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Old 03-10-2012, 07:16 AM   #1
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Various: Ten Detective Aces Sampler 7. V1. 10 Mar 2012

(Detective-)Dragnet Magazine/Ten Detective Aces
Ten Detective Aces was probably the most successful of the many magazines that Harold Hersey launched, and certainly one of the longest running, but it took a while to find its mark. For the first 16 issues (to April 1930) it was called The Dragnet Magazine and initially focussed on stories about gangsters and organised crime. However, by 1930 public interest in gangsters was fading and the magazine became more of a detective pulp, initially (for 24 issues) under the hybrid name Detective-Dragnet Magazine and then finally, from March 1933, under the name Ten Detective Aces under which it ran for an impressive 16 years.
A Canadian reprint edition of Ten Detective Aces ran briefly in the 1930s as a direct reprint of the US edition, and then throughout the 1940s typically reprinting a US issue from 9-12 months previously. There was also an abridged British reprint edition under the "abridged" title of Detective Aces.

ABRA CADAVER!—ROBERT TURNER

Spad Moran needed a girl for a dangerous job. He had to save one from the grave before she would take the position. But Spud found the only way he could make worth her while was by standing in front of the murder gun for her.

PEOPLE IN GLASS TOMBSTONES—NORMAN A. DANIELS

Too late Hale realized he’d struck a bad bargain when he bought the executed killer Cady’s mansion of doom. For it began to look as though the grave was no barrier to Cady’s macabre hobby in life—mixing mirth and murder.

CRIME GETS A HEAD—MILTON T. LAMB

Private Detective Smith found more than he’d expected when he investigated the Droyster suicide. For Smith found that though the ex-millionaire had lost his only face in that shotgun blast, he’d gained a second torso.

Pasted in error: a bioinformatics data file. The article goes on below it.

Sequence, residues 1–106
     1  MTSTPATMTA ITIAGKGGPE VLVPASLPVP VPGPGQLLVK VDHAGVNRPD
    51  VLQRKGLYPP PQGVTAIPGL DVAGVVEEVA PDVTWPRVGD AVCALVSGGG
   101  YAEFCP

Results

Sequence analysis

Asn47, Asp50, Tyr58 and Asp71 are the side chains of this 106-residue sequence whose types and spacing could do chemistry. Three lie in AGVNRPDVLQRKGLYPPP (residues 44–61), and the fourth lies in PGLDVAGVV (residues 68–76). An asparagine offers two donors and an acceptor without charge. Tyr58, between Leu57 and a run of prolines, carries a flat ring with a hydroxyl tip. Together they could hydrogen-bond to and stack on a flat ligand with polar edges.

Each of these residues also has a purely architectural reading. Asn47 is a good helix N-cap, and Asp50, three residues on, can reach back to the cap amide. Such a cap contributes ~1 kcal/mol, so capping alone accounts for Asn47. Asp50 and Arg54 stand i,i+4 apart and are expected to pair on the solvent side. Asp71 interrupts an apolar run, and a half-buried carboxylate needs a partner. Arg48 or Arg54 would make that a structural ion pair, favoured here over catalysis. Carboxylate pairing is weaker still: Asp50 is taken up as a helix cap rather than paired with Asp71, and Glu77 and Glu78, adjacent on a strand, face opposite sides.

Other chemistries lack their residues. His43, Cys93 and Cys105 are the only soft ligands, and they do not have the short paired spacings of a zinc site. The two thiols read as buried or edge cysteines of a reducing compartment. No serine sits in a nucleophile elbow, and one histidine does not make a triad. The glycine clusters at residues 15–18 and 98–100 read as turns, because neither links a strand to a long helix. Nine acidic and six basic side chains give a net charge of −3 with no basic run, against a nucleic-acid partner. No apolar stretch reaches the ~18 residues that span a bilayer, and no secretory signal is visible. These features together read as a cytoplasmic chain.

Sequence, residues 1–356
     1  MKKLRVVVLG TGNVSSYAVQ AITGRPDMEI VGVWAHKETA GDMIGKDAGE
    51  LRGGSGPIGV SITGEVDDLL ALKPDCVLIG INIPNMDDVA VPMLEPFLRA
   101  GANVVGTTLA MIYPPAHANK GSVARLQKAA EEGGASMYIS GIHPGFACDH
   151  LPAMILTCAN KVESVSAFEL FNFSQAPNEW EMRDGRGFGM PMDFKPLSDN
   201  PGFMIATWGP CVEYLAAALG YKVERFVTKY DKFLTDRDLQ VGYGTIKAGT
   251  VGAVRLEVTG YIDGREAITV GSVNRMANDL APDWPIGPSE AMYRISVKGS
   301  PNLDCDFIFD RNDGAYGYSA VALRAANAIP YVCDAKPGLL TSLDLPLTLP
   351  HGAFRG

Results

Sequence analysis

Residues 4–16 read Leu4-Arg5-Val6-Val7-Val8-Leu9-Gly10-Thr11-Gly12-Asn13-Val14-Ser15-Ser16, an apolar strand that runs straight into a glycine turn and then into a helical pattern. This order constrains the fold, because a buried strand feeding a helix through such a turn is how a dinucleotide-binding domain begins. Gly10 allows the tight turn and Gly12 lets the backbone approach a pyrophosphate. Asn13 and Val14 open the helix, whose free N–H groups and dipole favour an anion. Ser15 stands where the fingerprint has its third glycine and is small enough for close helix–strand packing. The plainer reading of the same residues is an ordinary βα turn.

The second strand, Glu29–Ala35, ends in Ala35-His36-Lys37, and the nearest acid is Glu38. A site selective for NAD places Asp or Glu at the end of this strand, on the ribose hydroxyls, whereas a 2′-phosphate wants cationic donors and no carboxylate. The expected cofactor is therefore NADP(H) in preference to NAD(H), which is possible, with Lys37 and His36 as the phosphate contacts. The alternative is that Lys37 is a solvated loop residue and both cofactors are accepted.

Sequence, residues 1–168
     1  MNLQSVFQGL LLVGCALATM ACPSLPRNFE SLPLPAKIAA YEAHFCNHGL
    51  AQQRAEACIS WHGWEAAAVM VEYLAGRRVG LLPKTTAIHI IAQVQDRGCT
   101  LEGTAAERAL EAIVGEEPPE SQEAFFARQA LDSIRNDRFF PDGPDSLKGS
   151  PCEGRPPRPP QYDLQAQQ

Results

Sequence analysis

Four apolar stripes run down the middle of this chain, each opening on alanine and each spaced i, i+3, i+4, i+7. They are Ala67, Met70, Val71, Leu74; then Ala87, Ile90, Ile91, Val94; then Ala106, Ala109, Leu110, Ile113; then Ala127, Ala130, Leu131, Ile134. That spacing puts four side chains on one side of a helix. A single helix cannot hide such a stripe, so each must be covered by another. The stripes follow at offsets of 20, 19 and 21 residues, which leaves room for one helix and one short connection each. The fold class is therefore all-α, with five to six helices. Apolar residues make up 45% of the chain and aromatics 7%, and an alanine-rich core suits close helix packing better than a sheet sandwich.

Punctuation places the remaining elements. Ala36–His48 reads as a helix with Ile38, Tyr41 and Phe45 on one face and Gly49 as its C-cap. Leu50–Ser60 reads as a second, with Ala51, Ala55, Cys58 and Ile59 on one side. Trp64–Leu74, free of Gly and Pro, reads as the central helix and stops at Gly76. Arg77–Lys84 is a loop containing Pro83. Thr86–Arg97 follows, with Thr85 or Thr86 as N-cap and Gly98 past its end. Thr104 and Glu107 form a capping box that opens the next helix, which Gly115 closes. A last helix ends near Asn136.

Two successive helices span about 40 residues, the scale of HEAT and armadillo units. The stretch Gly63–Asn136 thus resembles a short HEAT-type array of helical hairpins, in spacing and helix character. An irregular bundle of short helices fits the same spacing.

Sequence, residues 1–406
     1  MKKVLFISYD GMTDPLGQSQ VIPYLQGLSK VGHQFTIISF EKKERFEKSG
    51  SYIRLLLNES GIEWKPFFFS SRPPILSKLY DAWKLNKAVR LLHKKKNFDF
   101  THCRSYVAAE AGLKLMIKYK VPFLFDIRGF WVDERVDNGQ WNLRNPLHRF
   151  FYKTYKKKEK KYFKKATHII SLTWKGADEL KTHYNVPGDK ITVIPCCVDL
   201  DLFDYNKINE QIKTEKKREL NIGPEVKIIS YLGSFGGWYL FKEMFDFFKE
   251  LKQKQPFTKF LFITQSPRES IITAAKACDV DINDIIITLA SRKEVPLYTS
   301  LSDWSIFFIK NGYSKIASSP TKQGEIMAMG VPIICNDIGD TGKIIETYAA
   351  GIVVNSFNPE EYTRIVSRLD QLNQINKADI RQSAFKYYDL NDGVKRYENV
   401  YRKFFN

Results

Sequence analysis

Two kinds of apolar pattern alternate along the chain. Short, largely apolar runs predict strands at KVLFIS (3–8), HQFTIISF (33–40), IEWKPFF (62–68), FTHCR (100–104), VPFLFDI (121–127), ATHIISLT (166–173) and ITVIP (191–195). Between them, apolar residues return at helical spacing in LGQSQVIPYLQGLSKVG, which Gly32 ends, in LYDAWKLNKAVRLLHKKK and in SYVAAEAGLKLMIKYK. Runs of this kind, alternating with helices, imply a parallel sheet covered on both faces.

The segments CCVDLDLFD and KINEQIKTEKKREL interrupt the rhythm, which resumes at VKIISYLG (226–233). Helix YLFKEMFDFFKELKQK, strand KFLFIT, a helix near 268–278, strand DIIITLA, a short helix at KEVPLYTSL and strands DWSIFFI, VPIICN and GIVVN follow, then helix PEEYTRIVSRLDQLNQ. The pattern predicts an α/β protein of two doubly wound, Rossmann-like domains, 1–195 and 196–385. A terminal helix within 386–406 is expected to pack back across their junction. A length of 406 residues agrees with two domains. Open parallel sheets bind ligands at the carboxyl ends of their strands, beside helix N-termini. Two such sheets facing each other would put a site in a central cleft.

DR. HECKLE AND MR. HIDE—JOE ARCHIBALD

A double-identity radio writer pounded a spot ditty which put him on a deadly spot. And when Iron Jaw O’Shaughnessy snagged a sure suspect, Snooty Piper knew justice had joggled the mike. So the rummy reporter followed a trail of radio jingles to put the jangle of handcuffs on a windpipe warper.

HOT-SEAT FALL GUY—E. Z. ELBERG

When Peanut Smith went to the hot-seat, he made Mike Powers the executor of his will. And that will would make Mike his own executioner, for the death-house legacy was— the Chair.

OUR HOST - THE GHOST—NORMAN A. DANIELS

Detective Bill Duffy took that suspect to the murdered man’s house for identification. Duffy knew the strange legends that haunted the eerie place. But the detective never expected that the third degree would be given by the victim’s ghost.

ROLL OUT THE COFFIN—WILLIAM ROUGH

The only thing that 4F bartender, Feetsy, could do well was to throw darts. And the Army figured a bombardier was better than any beer hall sharpshooter. But the time came when all that Uncle Sam could use to pin back Hitler’s ears was Feetsy’s feathered needles—and Feetsy was on the lam.

ROCK-A-BYE BOOBY—RICHARD BRISTER

When Carmody sought to find the secret of that old man's second childhood, he learned how quickly the cradle can lead to the grave.

CYANIDE SURTAX—NORMAN A. DANIELS

Though Prescott Hudson, the income tax collector, was poison to many men, he proved to be an antidote to the corpse with a . . . Cyanide Surtax
.
DOWNED ON THE FARM—JOE ARCHIBALD

With a Jackknife slayer on the Beantown griddle, Snooty and Scoop, the cracked eggs of newsdom, beat it up to Buckwheat, Maine, to put the heat on a home-fried suspect.
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Last edited by WT Sharpe; 03-10-2012 at 07:51 AM.
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